My hiking trip to the Swiss Alps was an extremely meaningful adventure.
It was my 50th birthday present to me and my husband. But much more important, it represented my daughter’s survival. It actually symbolized all the steps she took in rebuilding her life.
I had come across an article on a Swiss Alps hiking trip at the time that my daughter, Nava, was very ill. It seemed like a nice pipe dream then, not knowing what the future would hold. I cut out the article and filed it away in my night-table. I would often see it and dream that maybe one day, just maybe…
Nava was on a ventilator in a drug-induced coma for 3 months. When she had pulled through the worst of it and was stable enough, she was transferred to a rehab hospital where she remained for the next 9 months. Had I known in advance how long she’d be on a respirator and then how long she’d be in rehab, I would’ve said, “I can’t do this; there’s no way I can get through and wake up to this day after day. Wake me up when it’s over.”
But as life has it, we don’t know the future and in this regard it was a blessing. Not knowing how long it would be, allowed me to take one day at a time. I had no other choice. Somehow you wake up in the morning and almost robot-like put one foot in front of the other and go through the motions of living with the horrific pain of seeing your child teetering on the brink of life and death.
Miraculously, her life was spared. Then began the arduous uphill climb to regain her functioning abilities – from breathing on her own to swallowing, from lifting a finger to walking. And for me, it meant waking up every morning to begin another 12 hour day by my daughter’s side encouraging and prodding her every step of the way. Many times it required tough love to push her despite and beyond the pain.
Finally, one day after a complete cycle of seasons, we spoke of finally going home.
A couple of summers later as our mid-life birthdays were upon us, our lives having resumed some semblance of normalcy, my husband and I were able to fulfill our (I really should say “my”) dream trip.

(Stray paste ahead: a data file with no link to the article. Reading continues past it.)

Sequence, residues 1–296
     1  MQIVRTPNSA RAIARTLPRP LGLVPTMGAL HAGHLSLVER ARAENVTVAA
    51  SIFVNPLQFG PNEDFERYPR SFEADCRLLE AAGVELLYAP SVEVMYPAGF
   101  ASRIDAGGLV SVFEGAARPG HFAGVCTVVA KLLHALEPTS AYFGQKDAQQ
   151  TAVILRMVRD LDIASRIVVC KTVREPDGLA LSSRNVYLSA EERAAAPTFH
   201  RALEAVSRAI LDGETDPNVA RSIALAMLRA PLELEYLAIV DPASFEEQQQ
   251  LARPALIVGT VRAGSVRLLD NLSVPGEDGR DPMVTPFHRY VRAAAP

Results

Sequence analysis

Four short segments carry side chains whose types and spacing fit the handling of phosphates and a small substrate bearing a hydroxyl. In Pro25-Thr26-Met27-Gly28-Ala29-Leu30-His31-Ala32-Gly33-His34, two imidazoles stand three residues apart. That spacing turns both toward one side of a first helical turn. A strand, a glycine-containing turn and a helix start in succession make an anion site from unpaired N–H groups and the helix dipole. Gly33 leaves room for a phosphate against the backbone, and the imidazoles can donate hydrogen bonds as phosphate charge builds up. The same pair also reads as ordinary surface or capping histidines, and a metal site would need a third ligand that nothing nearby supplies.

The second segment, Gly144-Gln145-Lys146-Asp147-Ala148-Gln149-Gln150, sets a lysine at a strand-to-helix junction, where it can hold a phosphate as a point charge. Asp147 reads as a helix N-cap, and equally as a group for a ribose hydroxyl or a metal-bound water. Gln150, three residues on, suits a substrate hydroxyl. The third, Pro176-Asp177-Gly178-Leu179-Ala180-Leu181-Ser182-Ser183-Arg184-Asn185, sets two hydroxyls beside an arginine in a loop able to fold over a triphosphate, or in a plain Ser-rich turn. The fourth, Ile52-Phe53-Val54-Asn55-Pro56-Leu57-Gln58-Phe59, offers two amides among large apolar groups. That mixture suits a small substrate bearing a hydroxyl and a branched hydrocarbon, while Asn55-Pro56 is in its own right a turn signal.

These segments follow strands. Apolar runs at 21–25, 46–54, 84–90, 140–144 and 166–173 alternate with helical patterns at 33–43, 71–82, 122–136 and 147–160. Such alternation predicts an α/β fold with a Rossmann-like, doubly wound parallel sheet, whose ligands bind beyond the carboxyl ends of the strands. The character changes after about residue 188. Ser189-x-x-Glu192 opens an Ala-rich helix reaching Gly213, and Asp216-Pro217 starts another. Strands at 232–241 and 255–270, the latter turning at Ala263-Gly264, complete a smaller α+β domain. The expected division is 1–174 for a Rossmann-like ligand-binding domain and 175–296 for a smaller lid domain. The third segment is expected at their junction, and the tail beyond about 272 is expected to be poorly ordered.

Every step I took on those hikes in the magnificent Swiss mountains was a step in appreciation of life – the awesomeness and fragility of life. Every one of my senses was attuned to the natural beauty around me. All was a gift – breathing the air, walking the trails, smelling the flowers, and of course struggling to make the arduous climb upward. If Nava could do it and so much more, of course I could do this. She was my role model for living. And every time it felt hard and I had to stop to catch my breath and rest a bit before continuing along these 8 mile up and downhill trails, I thought of her torturous fight to reclaim her life and relearn all her functions, one step and one muscle at a time.
If I would’ve looked to the top of the mountains, I would’ve said, “I can’t do this, I can’t make it up there.” As I had done in the hospital with Nava, I focused on the moment and put one foot in front of the other and kept on going. One step at a time.
Beginning steps to get through a difficult journey:
- Focus on the moment – keeps you on task; and sometimes the future is just too hard to fathom
- One step at a time – slow and steady, along with patience, adds up to a lot
- Breathe – it keeps you grounded, present and calmer
- Appreciate – there’s always something, even during the hardest times
- Hold onto a dream – it just might actualize